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  4. Very different from Kaua’i! Today we have our version of Mardi Gras/Fat Tuesday, but no parades, no costumes….just a doughnut-like treat. You can read about us on kauaikolea.wordpress.com

  5. LOVELY imressions you captured there.
    I can hardly get over how strongly the Tschäggättä remind me of asian Oni – they’re just as stunningly creative (or rather “beautiful”, even if it may be in a strange way).
    Thanks a lot for sharing this experience with us.

  6. What can be said that hasn’t been said already as I wholeheartedly agree with each comment. Tschaggatta Parade is now officially on my Bucket List. Thanks for acquainting us with this remarkable custom!

  7. I lived in Ticino for two years, so unfortunately missed out on all the good Swiss festivals happening elsewhere! We celebrated Rabadan, rather than Tschaggatta. I love the costumes- thank you for documenting your Swiss experience!

      • Well, Bellinzona is a FANTASTIC city to just wander around in…there are three castles you can easily make a day trip to, and the city itself is super easy to get around in. Lugano is on Lago di Lugano, and is so breath taking. I recommend hiking up San Salvatore if you go, or wandering around the lake to Gandria, a small Swiss village that you can only get to by walking or boats – lots of small cafes to sit and relax in. If you go in May or the summer, get to Valle Versazca, there are some glacial rivers to dunk in and a hike to a gorgeous waterfall- also a great place to picnic! If you want more details feel free to contact me at katevang.3@gmail.com.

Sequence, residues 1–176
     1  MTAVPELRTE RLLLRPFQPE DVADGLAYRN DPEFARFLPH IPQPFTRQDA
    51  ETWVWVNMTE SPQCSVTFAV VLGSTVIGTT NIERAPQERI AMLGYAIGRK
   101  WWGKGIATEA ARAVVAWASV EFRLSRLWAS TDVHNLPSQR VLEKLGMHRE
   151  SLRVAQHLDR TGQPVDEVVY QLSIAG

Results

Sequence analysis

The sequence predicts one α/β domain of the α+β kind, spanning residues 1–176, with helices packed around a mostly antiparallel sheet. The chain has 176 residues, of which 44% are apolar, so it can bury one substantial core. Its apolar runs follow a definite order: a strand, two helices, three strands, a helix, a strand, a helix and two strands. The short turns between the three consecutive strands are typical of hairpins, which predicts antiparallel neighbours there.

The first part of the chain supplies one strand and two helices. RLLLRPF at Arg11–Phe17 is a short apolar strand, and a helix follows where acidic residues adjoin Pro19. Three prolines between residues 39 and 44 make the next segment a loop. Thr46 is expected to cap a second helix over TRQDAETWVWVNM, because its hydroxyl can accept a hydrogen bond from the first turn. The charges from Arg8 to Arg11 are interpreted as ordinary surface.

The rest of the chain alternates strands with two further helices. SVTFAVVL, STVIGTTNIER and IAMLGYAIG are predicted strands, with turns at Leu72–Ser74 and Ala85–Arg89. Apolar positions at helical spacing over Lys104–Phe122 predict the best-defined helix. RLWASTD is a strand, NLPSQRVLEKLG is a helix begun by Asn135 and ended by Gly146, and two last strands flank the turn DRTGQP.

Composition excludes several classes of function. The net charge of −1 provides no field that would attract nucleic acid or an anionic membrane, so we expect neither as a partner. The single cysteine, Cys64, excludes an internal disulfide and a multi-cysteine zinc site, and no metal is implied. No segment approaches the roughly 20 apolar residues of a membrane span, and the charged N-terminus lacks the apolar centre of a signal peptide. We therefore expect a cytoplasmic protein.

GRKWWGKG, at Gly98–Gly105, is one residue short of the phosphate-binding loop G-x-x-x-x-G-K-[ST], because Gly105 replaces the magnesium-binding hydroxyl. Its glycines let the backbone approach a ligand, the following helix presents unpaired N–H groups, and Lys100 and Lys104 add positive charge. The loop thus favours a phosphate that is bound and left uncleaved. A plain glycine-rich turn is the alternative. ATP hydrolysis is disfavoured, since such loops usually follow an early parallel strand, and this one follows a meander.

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  9. This looks absolutely amazing, so much fun, so bright and colourful! Costumes look fascinating, I need to travel more.

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  11. Well, Bellinzona is a FANTASTIC city to just wander around in…there are three castles you can easily make a day trip to, and the city itself is super easy to get around in.